Gray Leaf Spot is Rotting Your Lawn
It certainly has been a record breaking spring here in Dallas & Fort Worth. Heavy rains, extreme humidity and mild temperatures have created the perfect environment for many fungal diseases. Brown patch disease, Take-All Root Rot and a multitude of insects have been exploding all over town. Gray Leaf Spot is another disease we are seeing in lawns across the Metroplex.
Gray leaf spot most often affects St. Augustine lawns. This fungal disease is easily identified by the grayish-brown spots along the leaf blades of your grass. Over time, the spots spread and girdle the leaves. You’ll then notice a very distinct overall brown cast across your entire lawn. It’s not pretty.
What causes gray leaf spot
Most often, gray leaf spot is brought on by over-watering your lawn in the spring and fall when temperatures are mild. However, with our intensely wet spring, many lawns have become infected without our “help”.
Early stages of Gray Leaf spot is identifiable by the gray, oval shaped spots that form on grass blades.
The perfect temperatures for Gray Leaf Spot to form are between 70 and 95° F. Lawns in Dallas typically have problems with gray leaf spot in spring and fall.
Establishing a new St. Augustine lawn?
Gray leaf spot is very common in newly sodded St. Augustine lawns. The first year of care for a new lawn means it must be watered often to successfully root-in. All that regular moisture helps the fungal disease thrive. However, please keep in mind that even established lawns can develop the disease if they are being overwatered or the weather is very wet.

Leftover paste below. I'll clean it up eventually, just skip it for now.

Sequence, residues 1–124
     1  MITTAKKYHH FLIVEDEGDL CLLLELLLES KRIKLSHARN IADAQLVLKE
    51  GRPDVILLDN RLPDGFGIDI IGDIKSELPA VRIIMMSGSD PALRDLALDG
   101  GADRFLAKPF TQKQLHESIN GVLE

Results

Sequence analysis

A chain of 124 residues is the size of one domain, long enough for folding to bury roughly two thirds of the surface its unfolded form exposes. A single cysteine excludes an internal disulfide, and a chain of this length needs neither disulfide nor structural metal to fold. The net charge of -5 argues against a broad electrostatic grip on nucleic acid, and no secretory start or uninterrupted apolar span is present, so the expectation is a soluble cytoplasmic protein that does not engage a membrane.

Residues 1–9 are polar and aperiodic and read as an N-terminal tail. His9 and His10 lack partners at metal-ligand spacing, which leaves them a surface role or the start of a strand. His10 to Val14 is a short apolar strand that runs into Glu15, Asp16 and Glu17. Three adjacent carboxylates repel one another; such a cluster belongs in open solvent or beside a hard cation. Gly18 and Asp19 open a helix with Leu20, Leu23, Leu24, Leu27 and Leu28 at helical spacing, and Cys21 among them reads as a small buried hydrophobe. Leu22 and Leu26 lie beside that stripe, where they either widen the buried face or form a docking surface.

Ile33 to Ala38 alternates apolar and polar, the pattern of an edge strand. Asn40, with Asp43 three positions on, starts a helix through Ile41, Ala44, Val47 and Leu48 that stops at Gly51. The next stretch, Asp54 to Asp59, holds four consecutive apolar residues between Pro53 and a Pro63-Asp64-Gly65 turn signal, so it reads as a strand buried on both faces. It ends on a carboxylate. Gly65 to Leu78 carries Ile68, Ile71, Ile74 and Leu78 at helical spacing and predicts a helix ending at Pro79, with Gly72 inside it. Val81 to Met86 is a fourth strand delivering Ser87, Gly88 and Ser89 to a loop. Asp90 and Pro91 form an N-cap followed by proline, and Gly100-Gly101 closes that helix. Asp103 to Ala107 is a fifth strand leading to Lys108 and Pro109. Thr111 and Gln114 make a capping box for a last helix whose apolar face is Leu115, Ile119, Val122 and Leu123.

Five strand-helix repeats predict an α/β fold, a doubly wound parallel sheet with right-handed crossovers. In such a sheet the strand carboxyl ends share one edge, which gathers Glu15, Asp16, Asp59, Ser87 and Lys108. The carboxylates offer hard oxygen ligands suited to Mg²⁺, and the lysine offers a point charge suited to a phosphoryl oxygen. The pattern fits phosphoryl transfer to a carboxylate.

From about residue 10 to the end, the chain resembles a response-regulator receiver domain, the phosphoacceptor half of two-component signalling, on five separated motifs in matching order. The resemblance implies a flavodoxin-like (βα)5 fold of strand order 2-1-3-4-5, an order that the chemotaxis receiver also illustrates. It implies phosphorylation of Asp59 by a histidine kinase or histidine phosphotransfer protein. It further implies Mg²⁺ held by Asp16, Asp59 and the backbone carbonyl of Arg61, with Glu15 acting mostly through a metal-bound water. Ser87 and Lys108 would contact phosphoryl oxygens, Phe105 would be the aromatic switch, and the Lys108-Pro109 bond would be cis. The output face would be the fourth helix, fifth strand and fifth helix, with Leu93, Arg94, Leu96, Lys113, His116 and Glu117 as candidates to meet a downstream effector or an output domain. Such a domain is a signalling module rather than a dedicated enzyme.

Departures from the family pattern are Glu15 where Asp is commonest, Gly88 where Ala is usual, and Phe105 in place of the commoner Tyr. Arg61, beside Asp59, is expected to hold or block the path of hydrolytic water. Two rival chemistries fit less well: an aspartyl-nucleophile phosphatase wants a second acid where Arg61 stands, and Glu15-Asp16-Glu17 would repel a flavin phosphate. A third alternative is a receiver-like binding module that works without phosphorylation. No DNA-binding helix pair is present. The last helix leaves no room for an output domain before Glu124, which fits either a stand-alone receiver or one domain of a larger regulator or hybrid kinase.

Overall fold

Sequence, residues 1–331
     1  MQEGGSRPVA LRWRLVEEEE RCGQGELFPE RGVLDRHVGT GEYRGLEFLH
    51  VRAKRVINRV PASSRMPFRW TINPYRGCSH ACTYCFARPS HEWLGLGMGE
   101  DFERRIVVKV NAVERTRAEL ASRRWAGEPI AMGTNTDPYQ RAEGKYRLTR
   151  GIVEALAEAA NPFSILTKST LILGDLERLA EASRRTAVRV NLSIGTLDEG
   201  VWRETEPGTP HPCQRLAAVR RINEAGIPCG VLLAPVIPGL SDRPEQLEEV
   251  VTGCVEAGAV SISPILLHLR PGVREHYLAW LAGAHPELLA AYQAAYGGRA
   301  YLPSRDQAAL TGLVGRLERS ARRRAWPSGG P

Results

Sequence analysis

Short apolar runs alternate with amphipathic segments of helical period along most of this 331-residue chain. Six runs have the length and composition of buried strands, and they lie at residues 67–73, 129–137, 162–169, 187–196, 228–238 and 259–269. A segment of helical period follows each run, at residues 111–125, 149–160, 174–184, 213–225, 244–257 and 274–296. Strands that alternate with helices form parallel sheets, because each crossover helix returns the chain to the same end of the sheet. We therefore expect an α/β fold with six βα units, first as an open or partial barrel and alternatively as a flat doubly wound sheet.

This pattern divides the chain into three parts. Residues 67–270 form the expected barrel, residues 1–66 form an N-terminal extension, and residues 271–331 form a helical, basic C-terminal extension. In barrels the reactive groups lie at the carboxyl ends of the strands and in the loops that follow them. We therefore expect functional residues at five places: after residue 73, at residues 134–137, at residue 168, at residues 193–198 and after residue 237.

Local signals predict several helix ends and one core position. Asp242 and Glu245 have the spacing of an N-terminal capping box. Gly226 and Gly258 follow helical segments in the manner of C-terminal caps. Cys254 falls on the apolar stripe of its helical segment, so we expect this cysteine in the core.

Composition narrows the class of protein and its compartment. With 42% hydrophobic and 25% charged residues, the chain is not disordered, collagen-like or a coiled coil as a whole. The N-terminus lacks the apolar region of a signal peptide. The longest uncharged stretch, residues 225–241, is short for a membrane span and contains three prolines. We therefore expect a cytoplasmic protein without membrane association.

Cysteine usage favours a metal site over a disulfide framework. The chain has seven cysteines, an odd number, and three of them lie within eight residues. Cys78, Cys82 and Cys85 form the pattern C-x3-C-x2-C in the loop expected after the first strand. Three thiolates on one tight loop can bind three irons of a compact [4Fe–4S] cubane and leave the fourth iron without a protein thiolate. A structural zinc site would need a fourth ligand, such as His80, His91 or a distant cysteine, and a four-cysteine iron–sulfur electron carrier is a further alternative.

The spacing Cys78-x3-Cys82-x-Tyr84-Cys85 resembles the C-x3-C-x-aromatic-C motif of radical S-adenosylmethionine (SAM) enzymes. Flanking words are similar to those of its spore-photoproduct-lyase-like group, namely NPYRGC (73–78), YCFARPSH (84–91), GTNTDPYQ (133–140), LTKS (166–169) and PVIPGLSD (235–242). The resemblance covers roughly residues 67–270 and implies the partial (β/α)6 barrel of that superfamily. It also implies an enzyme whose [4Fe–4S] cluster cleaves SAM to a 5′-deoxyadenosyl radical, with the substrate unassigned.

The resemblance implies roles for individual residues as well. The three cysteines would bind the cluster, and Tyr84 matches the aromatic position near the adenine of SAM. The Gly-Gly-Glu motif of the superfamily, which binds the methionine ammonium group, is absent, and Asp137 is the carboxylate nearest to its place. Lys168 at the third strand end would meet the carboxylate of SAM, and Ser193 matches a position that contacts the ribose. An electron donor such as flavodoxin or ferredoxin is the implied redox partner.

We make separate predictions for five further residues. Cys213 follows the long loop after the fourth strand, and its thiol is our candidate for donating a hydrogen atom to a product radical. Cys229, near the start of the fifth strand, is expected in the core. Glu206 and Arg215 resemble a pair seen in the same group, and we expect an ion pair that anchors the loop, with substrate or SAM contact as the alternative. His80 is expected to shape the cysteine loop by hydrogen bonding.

Over time, the gray spots turn a tan color with a dark brown border.
Gray leaf spot can be treated with a variety of natural fungicides. They may need to be reapplied several times to fully control the disease. However, you can often heal your lawn without the use of fungicides if you follow good maintenance practices. Minimizing leaf wetness is the best way to prevent gray leaf spot. Always water your lawn early in the morning so that leaf blades will dry after the sun comes up. Watering in the evening or overnight is a big cause of fungal disease problems.
As any kind of stress can worsen the disease, be sure your overall lawn maintenance practices are beneficial. Never mow more than ⅓ of the leaf blade in one mowing, pick up clippings if your lawn is infected and avoid high-Nitrogen fertilizers in late-spring or early summer.
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